County may borrow $608,000 for schools, road equipment
By Clint Confehr
Senior Staff Writer
Marshall County is headed toward borrowing $608,000 to repair schools and buy equipment for the Highway Department, according to information from the county budget office and discussion among commissioners.
New roofing for several schools will be funded with $300,000, and $308,000 is planned for the purchase of two tractors, two side-arm bush hogs and a truck for the Highway Department, officials in those two department have explained this week.
Asked if buying equipment can be postponed to avoid borrowing, Roads Superintendent Jerry Williams said, "That's up to the budget committee. We asked for them because we need them."
Two tractors at the highway department are 10 years old, Williams said.
"They normally last seven years," he said. "It's costing more to run them" because they're breaking down."
Side arm bush hog equipment is purchased separately and attached to a tractor.
"The bush hogs and truck won't put taxes up," Williams said. "I don't think they're going up on taxes, but that's up to them."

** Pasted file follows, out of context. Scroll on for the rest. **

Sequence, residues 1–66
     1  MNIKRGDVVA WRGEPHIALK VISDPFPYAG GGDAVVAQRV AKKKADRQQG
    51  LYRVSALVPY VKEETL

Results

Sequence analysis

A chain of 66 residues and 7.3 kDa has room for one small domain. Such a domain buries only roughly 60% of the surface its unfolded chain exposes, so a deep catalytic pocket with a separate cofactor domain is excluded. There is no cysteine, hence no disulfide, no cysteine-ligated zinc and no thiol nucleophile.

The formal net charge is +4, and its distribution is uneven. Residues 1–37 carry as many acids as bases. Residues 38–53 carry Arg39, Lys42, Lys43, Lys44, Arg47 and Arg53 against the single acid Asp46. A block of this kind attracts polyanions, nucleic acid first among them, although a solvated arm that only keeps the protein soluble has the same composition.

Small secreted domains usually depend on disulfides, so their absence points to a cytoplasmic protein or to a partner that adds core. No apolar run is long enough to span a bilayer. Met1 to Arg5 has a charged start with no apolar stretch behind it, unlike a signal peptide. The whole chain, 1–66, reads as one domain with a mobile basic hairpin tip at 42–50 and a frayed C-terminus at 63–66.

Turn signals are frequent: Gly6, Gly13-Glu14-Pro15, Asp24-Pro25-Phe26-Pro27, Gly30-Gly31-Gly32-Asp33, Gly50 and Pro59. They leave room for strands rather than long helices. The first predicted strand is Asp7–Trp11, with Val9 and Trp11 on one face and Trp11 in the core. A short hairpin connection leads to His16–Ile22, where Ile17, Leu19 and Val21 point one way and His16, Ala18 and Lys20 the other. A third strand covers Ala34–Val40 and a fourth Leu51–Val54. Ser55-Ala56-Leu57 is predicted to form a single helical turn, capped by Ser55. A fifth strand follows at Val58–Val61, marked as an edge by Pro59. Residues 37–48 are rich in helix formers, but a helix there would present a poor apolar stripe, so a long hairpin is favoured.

Furthermore, "It's not for sure that this budget will pass because the school board meets Friday morning."
A Monday night budget committee meeting concluded with a unanimous vote to recommend funding for road equipment and increase spending on schools. The school board was scheduled to meet at 10:15 this morning to vote again on its budget.
The county budget must pass before October if schools are to receive a monthly payment of Basic Education Program money from the state.
Meanwhile, Williams has stopped paving because it costs $100,000 a mile.
"The county is strapped for money, so we're getting by with patching," he said.
Still, steps are being taken to make the roads safer, Williams said.
"We got a state and federal grant to stripe the road and put signage up like 'stop ahead,'" he said. "I filed for the grant about six months ago and we got it on Aug. 16."
The grant is for $250,000 and will also pay for guardrails.
"They tell us where we can put them," Williams said. "It's from a state and federal study. It's where there have been bad wrecks and fatalities."